WHERE DO YOU WANT YOUR MONEY TO TAKE YOU TODAY?
like SEPs. Then you have the traditional IRAs and the Roth IRAs. One of the best features of retirement accounts is their tax-deferred earnings status. As discussed in Chapter 10, by investing money in accounts such as IRAs and 401(k)s, all your earnings may grow on a tax- deferred basis. This makes these accounts very attractive for all tax- paying people, not just those in high tax brackets.
For the novice investor, all these accounts and their different fea- tures and advantages may be overwhelming, but by increasing your knowledge, you will be better able to choose which type of account is right for you. Plus, a financial advisor will be able to guide you through the seas of the various types of retirement accounts.
EMPLOYER-SPONSORED RETIREMENT PLANS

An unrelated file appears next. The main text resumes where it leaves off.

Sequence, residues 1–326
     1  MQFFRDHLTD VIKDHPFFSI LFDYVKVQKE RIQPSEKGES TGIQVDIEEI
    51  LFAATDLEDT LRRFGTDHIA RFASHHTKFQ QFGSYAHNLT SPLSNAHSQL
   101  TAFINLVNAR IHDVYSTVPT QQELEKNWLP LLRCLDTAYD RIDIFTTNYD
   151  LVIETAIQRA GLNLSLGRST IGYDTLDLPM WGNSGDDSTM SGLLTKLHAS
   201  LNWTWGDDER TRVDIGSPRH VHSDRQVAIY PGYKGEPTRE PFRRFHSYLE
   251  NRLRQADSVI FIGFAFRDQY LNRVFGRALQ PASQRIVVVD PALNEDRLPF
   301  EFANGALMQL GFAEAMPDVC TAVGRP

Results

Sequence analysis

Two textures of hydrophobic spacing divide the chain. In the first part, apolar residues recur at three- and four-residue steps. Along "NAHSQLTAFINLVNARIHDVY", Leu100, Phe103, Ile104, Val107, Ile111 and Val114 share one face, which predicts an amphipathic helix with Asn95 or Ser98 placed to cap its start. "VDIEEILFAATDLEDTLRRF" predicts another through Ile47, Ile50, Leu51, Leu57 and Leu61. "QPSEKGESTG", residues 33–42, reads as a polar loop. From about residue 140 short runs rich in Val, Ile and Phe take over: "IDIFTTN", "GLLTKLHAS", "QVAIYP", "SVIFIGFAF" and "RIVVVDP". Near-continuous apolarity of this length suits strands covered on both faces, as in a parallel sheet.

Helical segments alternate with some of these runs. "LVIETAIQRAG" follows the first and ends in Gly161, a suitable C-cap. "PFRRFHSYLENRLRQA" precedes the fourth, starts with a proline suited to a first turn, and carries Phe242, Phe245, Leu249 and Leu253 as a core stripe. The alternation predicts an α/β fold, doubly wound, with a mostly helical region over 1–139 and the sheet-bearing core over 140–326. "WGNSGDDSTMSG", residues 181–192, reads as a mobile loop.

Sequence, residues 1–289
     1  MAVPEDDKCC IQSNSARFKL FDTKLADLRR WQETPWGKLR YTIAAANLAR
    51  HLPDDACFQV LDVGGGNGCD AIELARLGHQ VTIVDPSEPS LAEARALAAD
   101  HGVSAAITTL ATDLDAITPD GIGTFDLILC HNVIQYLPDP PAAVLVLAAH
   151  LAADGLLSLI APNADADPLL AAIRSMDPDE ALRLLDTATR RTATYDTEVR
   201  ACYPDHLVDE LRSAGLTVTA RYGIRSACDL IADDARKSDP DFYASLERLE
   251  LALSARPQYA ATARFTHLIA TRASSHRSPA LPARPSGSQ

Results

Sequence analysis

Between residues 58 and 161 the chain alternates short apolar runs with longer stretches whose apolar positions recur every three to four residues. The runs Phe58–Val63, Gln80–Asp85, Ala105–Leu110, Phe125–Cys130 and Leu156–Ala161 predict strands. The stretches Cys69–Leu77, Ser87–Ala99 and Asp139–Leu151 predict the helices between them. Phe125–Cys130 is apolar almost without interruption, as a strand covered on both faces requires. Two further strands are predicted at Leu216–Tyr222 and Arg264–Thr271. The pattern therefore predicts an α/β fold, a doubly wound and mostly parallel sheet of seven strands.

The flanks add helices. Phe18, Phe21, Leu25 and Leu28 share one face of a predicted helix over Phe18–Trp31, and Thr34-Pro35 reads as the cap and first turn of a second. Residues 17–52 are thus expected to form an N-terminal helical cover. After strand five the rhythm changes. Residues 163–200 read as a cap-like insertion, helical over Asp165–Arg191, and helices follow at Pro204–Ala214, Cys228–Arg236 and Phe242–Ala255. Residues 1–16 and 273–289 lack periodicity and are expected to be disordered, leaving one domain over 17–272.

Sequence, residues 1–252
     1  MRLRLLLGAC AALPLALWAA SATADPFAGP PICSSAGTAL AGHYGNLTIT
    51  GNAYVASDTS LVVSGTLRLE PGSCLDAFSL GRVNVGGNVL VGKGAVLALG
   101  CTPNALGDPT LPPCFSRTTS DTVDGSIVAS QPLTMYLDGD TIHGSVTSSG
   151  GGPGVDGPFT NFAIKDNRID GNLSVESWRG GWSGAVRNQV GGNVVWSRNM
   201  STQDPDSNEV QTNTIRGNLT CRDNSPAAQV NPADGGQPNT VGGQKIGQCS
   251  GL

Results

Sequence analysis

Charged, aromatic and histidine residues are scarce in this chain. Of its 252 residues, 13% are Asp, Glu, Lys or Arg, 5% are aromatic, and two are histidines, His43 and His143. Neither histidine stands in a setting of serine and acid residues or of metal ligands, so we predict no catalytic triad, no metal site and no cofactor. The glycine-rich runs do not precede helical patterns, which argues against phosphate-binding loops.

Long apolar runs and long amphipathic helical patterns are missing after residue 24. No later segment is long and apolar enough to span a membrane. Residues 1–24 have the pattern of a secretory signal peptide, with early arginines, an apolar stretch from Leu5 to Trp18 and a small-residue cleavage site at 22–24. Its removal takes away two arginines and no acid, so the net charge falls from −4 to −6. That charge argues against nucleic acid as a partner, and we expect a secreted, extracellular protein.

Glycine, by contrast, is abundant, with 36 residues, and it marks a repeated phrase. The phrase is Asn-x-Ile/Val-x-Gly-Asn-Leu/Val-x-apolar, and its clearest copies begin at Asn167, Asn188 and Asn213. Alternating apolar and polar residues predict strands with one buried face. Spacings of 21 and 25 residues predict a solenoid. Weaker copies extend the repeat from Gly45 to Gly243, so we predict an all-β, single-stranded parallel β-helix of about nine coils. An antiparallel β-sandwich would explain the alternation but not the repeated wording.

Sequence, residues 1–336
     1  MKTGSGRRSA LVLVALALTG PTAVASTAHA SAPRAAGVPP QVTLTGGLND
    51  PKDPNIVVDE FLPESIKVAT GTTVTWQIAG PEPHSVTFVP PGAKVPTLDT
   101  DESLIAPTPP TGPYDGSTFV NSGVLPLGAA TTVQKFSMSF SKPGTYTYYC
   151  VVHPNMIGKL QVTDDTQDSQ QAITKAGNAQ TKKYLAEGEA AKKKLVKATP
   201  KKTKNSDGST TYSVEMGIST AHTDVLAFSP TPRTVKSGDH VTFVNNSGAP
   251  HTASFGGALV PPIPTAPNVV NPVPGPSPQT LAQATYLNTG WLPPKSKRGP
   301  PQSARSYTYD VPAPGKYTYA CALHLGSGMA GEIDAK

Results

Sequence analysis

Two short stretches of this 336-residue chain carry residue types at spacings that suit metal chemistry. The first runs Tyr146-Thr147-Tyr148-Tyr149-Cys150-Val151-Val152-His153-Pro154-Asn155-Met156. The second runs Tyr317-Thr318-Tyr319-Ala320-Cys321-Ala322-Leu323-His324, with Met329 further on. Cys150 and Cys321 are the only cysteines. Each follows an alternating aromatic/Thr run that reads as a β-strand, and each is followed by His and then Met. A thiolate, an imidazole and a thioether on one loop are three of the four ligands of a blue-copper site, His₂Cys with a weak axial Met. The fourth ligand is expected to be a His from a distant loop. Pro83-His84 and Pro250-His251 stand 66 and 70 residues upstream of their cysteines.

There are two types of employer-sponsored retirement plans: basic and supplemental. The basic plan calls for automatic employee par- ticipation after a certain term of employment, such as one year. The supplemental plan is a voluntary program that enables employees to increase the amount of money being set aside for their retirements. Although the supplemental plans are the most common, we also touch on basic plans, so that you are familiar with them as well.
Basic Plans Basic plans have participation requirements that employers institute to help keep their costs down. For the most part, employers have decreed that in order to be eligible for the retirement plans, you must meet at least age (such as 21) and years-of-service requirements. Often times, there is also an income-level requirement. This is because employers feel that there is a higher turnover ratio for those people who are newly hired and younger. To help keep their admin- istrative costs low, they’ve sought to disallow those categories of employees from participating. Of course, the belief is that once those newly hired, younger people are with the company longer, they are more apt to stay, and so they merit the retirement plan.
Employer pension plans are a type of basic plan. However, you may find that you are expected to contribute to your own pension plan. There are both noncontributory and contributory pension plans.